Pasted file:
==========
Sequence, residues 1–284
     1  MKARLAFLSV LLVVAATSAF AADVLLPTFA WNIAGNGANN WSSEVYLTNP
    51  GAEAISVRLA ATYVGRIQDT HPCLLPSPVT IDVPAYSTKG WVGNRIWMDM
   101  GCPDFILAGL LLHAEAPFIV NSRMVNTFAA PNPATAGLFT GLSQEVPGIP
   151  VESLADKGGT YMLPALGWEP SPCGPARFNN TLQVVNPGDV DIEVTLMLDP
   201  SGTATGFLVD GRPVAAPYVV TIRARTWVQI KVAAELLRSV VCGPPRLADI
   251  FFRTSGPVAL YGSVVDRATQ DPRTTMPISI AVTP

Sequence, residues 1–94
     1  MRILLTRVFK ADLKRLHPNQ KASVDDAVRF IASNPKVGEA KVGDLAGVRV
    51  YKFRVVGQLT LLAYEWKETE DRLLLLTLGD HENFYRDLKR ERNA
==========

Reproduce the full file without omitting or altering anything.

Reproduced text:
Sequence, residues 1–284
     1  MKARLAFLSV LLVVAATSAF AADVLLPTFA WNIAGNGANN WSSEVYLTNP
    51  GAEAISVRLA ATYVGRIQDT HPCLLPSPVT IDVPAYSTKG WVGNRIWMDM
   101  GCPDFILAGL LLHAEAPFIV NSRMVNTFAA PNPATAGLFT GLSQEVPGIP
   151  VESLADKGGT YMLPALGWEP SPCGPARFNN TLQVVNPGDV DIEVTLMLDP
   201  SGTATGFLVD GRPVAAPYVV TIRARTWVQI KVAAELLRSV VCGPPRLADI
   251  FFRTSGPVAL YGSVVDRATQ DPRTTMPISI AVTP

Sequence, residues 1–94
     1  MRILLTRVFK ADLKRLHPNQ KASVDDAVRF IASNPKVGEA KVGDLAGVRV
    51  YKFRVVGQLT LLAYEWKETE DRLLLLTLGD HENFYRDLKR ERNA